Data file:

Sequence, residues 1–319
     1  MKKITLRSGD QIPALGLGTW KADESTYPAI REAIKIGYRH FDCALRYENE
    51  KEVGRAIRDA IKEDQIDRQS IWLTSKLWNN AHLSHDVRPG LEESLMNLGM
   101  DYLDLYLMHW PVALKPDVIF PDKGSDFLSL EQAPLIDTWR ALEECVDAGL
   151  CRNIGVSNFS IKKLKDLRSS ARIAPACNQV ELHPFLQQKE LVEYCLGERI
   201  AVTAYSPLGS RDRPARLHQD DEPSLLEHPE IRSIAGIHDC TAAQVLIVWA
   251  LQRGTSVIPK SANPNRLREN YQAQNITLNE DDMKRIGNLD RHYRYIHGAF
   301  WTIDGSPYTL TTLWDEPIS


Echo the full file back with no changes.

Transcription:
Sequence, residues 1–319
     1  MKKITLRSGD QIPALGLGTW KADESTYPAI REAIKIGYRH FDCALRYENE
    51  KEVGRAIRDA IKEDQIDRQS IWLTSKLWNN AHLSHDVRPG LEESLMNLGM
   101  DYLDLYLMHW PVALKPDVIF PDKGSDFLSL EQAPLIDTWR ALEECVDAGL
   151  CRNIGVSNFS IKKLKDLRSS ARIAPACNQV ELHPFLQQKE LVEYCLGERI
   201  AVTAYSPLGS RDRPARLHQD DEPSLLEHPE IRSIAGIHDC TAAQVLIVWA
   251  LQRGTSVIPK SANPNRLREN YQAQNITLNE DDMKRIGNLD RHYRYIHGAF
   301  WTIDGSPYTL TTLWDEPIS